Twitter had a hell of a last week, banning a sitting U.S. President from posting on the platform after said President incited a mob of supporters which ran riot over the Capitol, with the incident ending in five deaths and various people being investigated by the FBI for domestic terrorism.
On Wednesday, Twitter CEO Jack Dorsey explained and defended the move in a lengthy series of tweets, arguing that the action taken was necessary, but also adding that it sets a dangerous precedent.
“I do not celebrate or feel pride in our having to ban @realDonaldTrump from Twitter, or how we got here. After a clear warning we’d take this action, we made a decision with the best information we had based on threats to physical safety both on and off Twitter (…) I believe this was the right decision for Twitter,” he wrote.
I do not celebrate or feel pride in our having to ban @realDonaldTrump from Twitter, or how we got here. After a clear warning we’d take this action, we made a decision with the best information we had based on threats to physical safety both on and off Twitter. Was this correct?
— jack (@jack) January 14, 2021
Dorsey then argued that banning an account from Twitter divides the public and places too much power in the hands of one corporation. “The check and accountability on this power has always been the fact that a service like Twitter is one small part of the larger public conversation happening across the internet,” he wrote. But “this concept was challenged,” Dorsey argued, when other companies, such as Facebook and Snapchat joined in on banning Trump, and when companies like Amazon banned pro-Trump service Parler to operate on their virtual servers.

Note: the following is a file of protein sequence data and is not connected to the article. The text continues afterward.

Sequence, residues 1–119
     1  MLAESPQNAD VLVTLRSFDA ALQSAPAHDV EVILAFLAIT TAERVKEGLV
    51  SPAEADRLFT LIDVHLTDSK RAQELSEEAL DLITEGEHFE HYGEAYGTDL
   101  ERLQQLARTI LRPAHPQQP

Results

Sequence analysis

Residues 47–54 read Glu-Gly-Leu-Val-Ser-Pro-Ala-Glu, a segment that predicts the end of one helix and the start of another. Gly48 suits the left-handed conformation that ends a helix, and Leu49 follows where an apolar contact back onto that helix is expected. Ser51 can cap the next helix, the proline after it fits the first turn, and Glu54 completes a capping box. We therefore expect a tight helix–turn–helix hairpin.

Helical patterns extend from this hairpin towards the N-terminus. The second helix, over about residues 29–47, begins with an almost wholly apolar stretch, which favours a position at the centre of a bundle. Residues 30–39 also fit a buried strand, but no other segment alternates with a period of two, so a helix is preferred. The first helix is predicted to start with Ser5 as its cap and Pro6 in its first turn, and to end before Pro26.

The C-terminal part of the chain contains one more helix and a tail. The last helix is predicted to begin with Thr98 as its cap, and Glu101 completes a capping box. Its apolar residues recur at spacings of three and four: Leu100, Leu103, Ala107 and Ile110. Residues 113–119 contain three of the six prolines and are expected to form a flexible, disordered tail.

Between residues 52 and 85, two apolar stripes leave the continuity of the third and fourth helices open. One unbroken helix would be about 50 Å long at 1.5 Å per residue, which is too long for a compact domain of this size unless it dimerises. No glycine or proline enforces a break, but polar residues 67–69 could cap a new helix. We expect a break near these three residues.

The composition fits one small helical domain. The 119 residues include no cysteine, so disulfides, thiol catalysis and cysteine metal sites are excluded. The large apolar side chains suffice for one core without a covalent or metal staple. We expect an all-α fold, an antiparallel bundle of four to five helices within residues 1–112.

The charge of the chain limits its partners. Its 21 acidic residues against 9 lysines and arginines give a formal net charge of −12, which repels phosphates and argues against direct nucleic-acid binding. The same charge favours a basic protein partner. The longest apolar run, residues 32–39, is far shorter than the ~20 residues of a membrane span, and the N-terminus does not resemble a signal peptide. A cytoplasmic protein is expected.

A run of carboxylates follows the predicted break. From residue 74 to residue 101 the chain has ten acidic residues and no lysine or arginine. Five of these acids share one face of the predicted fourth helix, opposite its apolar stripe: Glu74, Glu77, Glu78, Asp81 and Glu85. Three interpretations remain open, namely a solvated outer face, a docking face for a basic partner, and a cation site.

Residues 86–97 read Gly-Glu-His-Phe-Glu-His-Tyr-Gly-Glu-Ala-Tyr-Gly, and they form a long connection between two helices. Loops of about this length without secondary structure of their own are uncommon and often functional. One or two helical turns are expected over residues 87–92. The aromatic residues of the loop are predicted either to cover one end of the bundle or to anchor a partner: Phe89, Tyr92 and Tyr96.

Ultimately, having a bunch of major companies banning someone from the internet is a dangerous thing, Dorsey claims. “This moment in time might call for this dynamic, but over the long term it will be destructive to the noble purpose and ideals of the open internet.”
Dorsey wraps up, somewhat strangely, by mentioning Bitcoin, which he calls “a foundational internet technology that is not controlled or influenced by any single individual or entity.” Twitter is working on a decentralized standard for social media through its bluesky project, and Dorsey hopes it could “be a client of that standard for the public conversation layer of the internet.”
Dorsey’s assessment of Twitter’s Trump ban raises some interesting points, but it feels as though Dorsey would rather be heading a decentralized network where he ultimately doesn’t have to (or cannot) make that decision. The problem is, that decentralized network appears to still be very far in the future (Twitter’s bluesky is described as an independent team with just five members), and the company might have to make many similar decisions before it can afford not to make them. Twitter should work on a clearer, more easily enforceable standard of what is permitted on its network right now.